). In these studies we only evaluated the unspliced (full length) IL-17RC isoform, but it will be interesting to determine in the future whether there are differences in how other splice forms of IL-17RC participate in signaling.
Previous reports indicate that the IL-17RC cytoplasmic tail, which contains a SEFIR domain, is integral for functional IL-17 responses (8
). We previously found that IL-17RA uses a SEFIR extension to mediate signaling (12
). Analogously, we show here that IL-17RC uses both its SEFIR domain and an additional downstream sequence of 23 amino acids to activate signals such as IL-6 and 24p3 expression (). Consistent with this result, Hu et al.
find that the IL-17RC SEFIR is required for functional IL-17 signal transduction both in vitro and in vivo (37
). Bioinformatic database searches and sequence alignments, however, indicate that the extended sequence downstream of the IL-17RC SEFIR lacks homology to the sequence downstream of the IL-17RA SEFIR, the Act1 SEFIR, or other known receptors or signaling intermediates (AWH, unpublished observations). Thus, the extended IL-17RC SEFEX domain may contribute a novel signaling function. Indeed, a chimeric receptor construct composed of the IL-17RA extracellular domain fused to the complete IL-17RC cytoplasmic tail cannot rescue IL-17-dependent signaling in IL-17RA−/− cells (R. Onishi and J. Park, unpublished data), implying that the role of IL-17RC is probably not simply to supply another SEFIR domain to more efficiently recruit additional Act1 molecules. Therefore, despite the fact that the IL-17RC cytoplasmic tail is much shorter than the IL-17RA intracellular domain (214 versus 521 amino acids), IL-17RC may possess novel signaling functions distinct from IL-17RA.
Act1 is an essential signaling component downstream of IL-17RA and is required for IL-17-dependent immune responses (9
). We now show that IL-17RC also associates with Act1 even in the absence of IL-17RA (). Interestingly, IL-17 treatment leads to the association of IL-17RC with a larger phosphorylated form of Act1. This result indicates for the first time that Act1 is phosphorylated, and that phospho-Act1 associates with IL-17RC in a ligand-dependent manner. Even more striking, the only IL-17RC deletions that associate with this phospho-Act1 isoform are those that retain function, i.e.
mutants that contain the IL-17RC SEFEX motif. It is possible that the SEFEX domain recruits other signaling intermediates needed to create a stable signaling scaffold to permit Act1 to efficiently transduce downstream signals, analogous to other systems such as the co-receptors of the T cell receptor (38
Although good biochemical and genetic evidence supports a role for IL-17RC within the IL-17R complex, it is still not fully established whether IL-17RC is required for all aspects of IL-17 signal transduction in vivo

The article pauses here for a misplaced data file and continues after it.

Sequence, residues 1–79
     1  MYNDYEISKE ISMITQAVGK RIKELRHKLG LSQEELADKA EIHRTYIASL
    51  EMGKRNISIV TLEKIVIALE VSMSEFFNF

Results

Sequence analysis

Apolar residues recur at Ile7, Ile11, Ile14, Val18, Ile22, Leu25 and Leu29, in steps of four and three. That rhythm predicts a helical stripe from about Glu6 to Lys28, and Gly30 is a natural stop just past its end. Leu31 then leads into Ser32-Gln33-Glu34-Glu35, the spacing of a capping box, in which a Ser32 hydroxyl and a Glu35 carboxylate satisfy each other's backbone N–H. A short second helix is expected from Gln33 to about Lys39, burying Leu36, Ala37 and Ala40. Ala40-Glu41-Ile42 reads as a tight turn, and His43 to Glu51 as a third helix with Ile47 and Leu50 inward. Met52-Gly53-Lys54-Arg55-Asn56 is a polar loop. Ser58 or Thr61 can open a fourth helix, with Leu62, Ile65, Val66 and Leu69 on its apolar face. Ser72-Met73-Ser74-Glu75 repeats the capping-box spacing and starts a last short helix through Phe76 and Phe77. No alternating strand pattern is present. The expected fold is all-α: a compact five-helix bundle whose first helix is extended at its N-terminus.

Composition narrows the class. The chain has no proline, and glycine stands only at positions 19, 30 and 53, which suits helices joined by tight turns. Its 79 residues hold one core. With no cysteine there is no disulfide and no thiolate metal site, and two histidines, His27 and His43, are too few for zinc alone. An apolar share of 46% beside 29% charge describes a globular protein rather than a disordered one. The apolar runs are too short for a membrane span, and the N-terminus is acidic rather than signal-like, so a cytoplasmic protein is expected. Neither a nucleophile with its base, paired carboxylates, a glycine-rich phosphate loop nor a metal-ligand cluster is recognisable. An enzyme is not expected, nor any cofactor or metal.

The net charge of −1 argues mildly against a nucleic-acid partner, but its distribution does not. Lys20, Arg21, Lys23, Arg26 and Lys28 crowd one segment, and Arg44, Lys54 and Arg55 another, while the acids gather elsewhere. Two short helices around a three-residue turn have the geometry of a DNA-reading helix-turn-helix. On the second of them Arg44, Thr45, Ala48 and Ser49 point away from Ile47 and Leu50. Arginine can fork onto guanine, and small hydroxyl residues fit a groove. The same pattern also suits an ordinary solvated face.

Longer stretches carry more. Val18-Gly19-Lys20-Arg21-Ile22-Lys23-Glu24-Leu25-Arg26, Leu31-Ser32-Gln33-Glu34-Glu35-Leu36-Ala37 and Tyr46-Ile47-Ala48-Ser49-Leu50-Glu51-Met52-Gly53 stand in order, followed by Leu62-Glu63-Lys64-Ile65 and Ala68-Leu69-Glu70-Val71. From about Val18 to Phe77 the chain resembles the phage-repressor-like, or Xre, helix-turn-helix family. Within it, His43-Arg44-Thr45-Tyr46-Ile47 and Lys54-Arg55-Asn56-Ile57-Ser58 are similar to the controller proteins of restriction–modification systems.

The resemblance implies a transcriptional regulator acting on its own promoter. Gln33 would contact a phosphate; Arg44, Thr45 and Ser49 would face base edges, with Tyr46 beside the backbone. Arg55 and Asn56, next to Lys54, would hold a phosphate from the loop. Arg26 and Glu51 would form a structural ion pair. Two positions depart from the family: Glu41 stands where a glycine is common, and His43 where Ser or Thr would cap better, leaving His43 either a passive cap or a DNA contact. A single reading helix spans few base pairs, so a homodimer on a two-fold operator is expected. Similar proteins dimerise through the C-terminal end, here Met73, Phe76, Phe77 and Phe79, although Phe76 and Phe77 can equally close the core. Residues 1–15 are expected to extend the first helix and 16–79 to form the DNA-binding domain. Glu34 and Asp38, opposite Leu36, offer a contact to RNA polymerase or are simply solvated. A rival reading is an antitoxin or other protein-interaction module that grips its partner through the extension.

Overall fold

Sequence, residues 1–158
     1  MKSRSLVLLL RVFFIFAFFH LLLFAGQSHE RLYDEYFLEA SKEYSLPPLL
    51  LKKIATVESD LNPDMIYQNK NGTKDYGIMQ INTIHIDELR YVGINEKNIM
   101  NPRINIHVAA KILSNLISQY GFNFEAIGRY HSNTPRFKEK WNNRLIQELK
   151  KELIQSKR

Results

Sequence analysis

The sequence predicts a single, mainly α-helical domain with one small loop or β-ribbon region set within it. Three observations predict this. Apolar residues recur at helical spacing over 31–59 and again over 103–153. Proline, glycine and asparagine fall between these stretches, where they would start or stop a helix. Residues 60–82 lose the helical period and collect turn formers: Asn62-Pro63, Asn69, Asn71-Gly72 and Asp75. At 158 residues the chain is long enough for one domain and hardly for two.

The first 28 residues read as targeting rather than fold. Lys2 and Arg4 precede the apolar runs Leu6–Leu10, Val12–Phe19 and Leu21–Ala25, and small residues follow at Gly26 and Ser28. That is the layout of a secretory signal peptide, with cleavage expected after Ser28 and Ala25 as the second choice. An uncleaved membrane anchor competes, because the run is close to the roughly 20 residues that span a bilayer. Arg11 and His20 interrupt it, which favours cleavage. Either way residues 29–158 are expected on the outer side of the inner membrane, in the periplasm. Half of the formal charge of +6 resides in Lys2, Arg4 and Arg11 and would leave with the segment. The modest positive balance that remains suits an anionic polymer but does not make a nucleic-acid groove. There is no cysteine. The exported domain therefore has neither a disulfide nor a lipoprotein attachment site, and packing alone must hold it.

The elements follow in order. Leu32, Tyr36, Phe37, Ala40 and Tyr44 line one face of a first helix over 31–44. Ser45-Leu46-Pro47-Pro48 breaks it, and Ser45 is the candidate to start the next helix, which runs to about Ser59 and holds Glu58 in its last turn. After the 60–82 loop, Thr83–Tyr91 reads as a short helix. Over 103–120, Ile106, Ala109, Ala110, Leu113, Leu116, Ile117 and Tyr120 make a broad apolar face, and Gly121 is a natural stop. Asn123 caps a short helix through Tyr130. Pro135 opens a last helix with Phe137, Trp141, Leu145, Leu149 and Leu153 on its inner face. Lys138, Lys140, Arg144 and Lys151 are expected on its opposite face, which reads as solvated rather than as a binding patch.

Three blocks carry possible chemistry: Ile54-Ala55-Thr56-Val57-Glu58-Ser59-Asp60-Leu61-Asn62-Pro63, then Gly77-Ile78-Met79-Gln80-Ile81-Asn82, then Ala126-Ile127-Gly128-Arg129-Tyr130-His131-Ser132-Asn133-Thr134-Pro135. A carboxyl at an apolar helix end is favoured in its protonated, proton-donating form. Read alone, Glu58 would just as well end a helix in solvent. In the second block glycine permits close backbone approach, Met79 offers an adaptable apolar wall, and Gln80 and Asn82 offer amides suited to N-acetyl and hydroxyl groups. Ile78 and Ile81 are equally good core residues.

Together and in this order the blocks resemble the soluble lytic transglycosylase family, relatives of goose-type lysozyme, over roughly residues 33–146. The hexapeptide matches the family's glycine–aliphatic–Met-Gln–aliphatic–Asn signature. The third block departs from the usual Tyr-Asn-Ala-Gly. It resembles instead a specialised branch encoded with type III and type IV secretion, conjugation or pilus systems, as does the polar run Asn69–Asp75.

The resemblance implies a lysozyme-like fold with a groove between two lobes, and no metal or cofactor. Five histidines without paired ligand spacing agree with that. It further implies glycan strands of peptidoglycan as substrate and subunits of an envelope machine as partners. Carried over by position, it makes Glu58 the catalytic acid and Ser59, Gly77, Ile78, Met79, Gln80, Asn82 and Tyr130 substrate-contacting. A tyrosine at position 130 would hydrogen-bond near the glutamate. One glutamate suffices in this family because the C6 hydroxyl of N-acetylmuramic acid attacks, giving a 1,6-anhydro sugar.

. To evaluate the physiological function of IL-7RC, we used an oral fungal infection model (23
) that we and others previously showed to be strongly IL-17/IL-17RA-dependent (22
). Here, we demonstrate that IL-17RC is required for host defense against infection with the yeast Candida albicans
. (). Moreover, susceptibility to OPC was identical between IL-17RC−/− and IL-17RA−/− mice (and also IL-23p19−/− mice (22
)). This finding also suggests, albeit indirectly, that there is no additional role for IL-25 in this process, since IL-17RA but not IL-17RC participates in the IL-25 receptor complex (40
). In line with these findings, IL-17RC was recently shown to participate in the pathogenesis of autoimmune inflammation of the central nervous system, an event highly dependent on the IL-17 signaling axis (37
In conclusion, our results show that IL-17RC is critically important for IL-17-dependent signaling and immune responses. IL-17RC mediates signaling via an extended SEFIR domain, which is required for a ligand-dependent association with a phosphorylated Act1 isoform to promote downstream signaling. These studies provide the first report of a signaling intermediate directly downstream of the IL-17RC receptor, and are the first to define important structural sequence elements within this receptor. Lastly, like IL-17RA, IL-17RC is required for host defense against oral fungal infections caused by Candida albicans. It will be interesting in future studies to link IL-17RC signaling pathways directly to biological signals and ultimately exploit this knowledge to improve treatments for a host of human diseases.